Christians have a patchy record—at best—in terms of how they have acted on behalf of justice.  Everyone is aware of the classic acts of oppression and violence committed by Christians against others: the crusades, inquisition, and other persecutions carried out against Christians as well as non-Christians.  Today Christians continue to be accused of doing ‘violence’ against others.  This is due, at least in part, to postmodern concerns about triumphal presentations of any beliefs, values and practices as being ‘the way, the truth, and the life,’ without regard for those of others.  Certainly Christians need to be sensitive in how they speak and relate to others.

            All the same, notable examples abound about Christians who acted faithfully and heroically for the sake of justice—for what they believed God called them to do.  Advocates for justice include more than acts of compassion on behalf of those who suffer.  It also includes those who sought to change ecclesiastical, political, and social structures that marginalize, oppress and persecute others.  Christians such as William Wilberforce advocated the abolition of slavery.  Walter Rauschenbusch advocated changes in governmental policies that created and perpetuated poverty.  Martin Luther King, Jr., advocated civil rights for all races.  Other examples could be added for those who advocated on behalf of women, children, and those challenged physically and other ways.

Martin Luther King's, Jr., 'I have a dream' speech.
Martin Luther King's, Jr.,
"I have a dream" speech.

           Compassion and Advocacy

            Christians should continue to perform acts of compassion because there is great need for the alleviation of pain and suffering in life, including spiritual pain and suffering caused by sin.  They should not lag in proclaiming the good news of Jesus Christ for people’s salvation.  As the apostle Paul says, “And how are they [people] to believe in one of whom they have never heard?” (Romans 5:14).  It is a matter of justice, spiritually speaking, to proclaim Jesus Christ to those oppressed by sin, bondage and death.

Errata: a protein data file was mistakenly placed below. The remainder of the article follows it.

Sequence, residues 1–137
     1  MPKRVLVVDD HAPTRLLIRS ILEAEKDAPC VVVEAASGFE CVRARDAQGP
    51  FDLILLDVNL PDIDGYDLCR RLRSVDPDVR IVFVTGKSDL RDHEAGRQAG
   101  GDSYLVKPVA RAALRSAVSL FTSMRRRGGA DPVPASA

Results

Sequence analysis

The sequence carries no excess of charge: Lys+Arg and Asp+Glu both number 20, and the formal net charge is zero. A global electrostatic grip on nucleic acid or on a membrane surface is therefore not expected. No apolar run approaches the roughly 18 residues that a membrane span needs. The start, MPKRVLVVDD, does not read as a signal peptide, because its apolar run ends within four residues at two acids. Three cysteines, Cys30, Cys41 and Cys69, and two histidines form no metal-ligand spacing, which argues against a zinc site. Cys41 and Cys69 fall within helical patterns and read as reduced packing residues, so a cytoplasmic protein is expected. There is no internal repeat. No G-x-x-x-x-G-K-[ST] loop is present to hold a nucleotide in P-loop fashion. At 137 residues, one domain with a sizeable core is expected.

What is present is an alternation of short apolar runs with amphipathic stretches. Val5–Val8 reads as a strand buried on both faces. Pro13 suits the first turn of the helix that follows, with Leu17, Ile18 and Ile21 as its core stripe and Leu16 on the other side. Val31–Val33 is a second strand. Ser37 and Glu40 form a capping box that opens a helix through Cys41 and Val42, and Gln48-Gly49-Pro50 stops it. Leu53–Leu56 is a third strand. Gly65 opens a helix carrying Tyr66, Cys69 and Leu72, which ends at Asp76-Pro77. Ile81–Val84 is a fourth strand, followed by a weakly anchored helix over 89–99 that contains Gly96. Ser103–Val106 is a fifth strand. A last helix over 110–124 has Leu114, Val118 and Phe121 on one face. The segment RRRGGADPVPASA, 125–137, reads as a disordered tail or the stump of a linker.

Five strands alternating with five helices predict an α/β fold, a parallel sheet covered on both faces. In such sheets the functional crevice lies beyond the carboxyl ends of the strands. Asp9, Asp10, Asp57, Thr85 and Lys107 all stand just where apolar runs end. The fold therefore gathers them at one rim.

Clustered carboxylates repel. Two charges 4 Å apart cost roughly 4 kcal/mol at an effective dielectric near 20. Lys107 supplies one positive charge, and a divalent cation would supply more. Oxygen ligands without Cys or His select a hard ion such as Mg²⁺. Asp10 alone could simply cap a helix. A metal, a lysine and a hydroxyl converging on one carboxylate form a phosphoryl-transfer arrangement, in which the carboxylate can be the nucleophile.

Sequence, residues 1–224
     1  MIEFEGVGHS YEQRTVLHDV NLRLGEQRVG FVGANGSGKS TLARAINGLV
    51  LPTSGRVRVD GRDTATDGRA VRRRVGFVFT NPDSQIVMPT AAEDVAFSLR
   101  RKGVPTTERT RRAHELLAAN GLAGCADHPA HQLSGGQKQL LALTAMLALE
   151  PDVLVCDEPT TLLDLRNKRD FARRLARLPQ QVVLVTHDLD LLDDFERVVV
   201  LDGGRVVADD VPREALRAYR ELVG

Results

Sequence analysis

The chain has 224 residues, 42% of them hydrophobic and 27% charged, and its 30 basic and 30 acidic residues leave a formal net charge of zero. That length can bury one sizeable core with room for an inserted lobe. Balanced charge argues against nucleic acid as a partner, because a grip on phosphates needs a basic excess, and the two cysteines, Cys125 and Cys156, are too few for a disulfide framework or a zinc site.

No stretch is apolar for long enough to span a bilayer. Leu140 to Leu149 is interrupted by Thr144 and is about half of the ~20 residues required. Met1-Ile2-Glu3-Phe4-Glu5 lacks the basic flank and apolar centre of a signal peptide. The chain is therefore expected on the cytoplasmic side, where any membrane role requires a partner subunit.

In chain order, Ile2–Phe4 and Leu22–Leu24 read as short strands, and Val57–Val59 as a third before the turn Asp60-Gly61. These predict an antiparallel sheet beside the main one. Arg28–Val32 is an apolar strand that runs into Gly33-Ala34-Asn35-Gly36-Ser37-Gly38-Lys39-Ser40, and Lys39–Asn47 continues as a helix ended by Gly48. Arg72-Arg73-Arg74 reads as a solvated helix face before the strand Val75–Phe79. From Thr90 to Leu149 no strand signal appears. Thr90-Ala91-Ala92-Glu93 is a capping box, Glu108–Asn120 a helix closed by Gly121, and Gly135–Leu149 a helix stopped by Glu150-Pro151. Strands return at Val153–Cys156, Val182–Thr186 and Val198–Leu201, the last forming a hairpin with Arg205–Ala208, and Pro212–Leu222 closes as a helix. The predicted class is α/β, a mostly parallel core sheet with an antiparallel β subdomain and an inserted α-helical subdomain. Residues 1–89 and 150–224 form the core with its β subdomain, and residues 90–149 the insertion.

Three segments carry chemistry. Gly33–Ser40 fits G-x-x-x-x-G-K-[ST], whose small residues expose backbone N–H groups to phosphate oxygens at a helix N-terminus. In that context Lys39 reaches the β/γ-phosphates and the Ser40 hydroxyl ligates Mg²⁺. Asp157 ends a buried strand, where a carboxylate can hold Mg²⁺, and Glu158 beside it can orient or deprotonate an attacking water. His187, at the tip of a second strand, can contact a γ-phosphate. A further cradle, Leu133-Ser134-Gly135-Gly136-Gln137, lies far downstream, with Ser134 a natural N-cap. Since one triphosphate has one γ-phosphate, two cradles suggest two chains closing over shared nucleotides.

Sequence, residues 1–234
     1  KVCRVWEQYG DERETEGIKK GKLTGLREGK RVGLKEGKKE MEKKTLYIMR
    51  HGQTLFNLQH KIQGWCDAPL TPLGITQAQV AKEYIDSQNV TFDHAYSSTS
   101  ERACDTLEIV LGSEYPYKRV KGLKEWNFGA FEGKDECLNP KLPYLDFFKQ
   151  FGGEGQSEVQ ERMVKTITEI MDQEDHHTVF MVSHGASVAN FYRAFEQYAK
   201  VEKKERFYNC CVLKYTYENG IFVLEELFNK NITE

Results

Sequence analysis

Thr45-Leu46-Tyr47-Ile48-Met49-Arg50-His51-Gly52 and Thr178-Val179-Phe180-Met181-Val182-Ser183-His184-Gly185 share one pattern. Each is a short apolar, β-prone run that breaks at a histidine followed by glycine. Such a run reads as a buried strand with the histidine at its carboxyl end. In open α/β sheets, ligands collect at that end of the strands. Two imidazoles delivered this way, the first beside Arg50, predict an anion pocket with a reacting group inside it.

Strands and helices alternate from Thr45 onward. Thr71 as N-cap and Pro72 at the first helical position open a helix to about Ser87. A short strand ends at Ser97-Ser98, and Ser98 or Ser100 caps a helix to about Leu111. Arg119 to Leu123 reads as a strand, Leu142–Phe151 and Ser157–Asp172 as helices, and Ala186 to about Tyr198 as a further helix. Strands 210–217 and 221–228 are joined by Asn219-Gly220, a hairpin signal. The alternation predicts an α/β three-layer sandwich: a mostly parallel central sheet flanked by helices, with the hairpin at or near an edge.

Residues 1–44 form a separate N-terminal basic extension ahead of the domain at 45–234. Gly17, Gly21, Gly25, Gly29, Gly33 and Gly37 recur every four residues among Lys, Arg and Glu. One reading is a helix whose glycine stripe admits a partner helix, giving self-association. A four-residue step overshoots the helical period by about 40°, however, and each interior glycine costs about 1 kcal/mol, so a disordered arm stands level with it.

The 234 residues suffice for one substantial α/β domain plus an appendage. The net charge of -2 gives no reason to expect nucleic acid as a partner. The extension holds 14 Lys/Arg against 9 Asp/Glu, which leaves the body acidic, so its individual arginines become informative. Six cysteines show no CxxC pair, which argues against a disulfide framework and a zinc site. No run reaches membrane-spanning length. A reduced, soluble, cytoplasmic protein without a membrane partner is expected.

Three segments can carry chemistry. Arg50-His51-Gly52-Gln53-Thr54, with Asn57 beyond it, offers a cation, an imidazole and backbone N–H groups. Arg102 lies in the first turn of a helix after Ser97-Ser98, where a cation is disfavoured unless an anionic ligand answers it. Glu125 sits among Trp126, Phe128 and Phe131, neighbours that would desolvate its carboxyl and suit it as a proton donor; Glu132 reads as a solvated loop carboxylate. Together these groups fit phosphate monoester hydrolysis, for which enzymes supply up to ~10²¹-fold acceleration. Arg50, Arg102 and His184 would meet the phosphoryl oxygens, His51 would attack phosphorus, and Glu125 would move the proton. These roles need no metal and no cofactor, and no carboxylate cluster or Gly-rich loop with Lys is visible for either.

Christians should also advocate justice for themselves, their families, their churches, and the various levels of civic responsibility they have in society.  Such activism has not always been valued by churches.  Yet, it is as much a matter of justice, spiritually speaking, to act on behalf of the poor and disenfranchised as it is to act on behalf of their eternal lives. 

Joseph and the Amazing Technicolor Dreamcoat.
Joseph and the Amazing
Technicolor Dreamcoat.

           How Shall We Then Live?

           Christians should examine their lives and seek to act justly in their various relationships.  That includes their relationships with spouses, children, parents, and friends.  It also includes social relationships in the church, since injustice can occur anywhere.  Likewise, Christians should not hold back from involving themselves in overturning injustices in society.  Although God calls us to be supportive of those in leadership, our ultimate loyalty is to God and to bringing about justice in all aspects of our lives.  Just as Jesus advocated ministering to the holistic needs of the poor—whoever they may be—Christians should endeavor to overturn injustices and bring about peace with one another, individually and collectively, as well as peace with God.

           In pursuing justice, Christians should be aware of their means for pursing it.  They should not use unjust means for achieving a righteous goal.  Ultimately, it is God who is responsible for righting every wrong and for providing eternal life.  In the meantime, we are called to partner with God’s grace for loving our neighbors as ourselves in advancing the good news—good news that includes compassionate ministries and advocacy for the sake of justice and peace.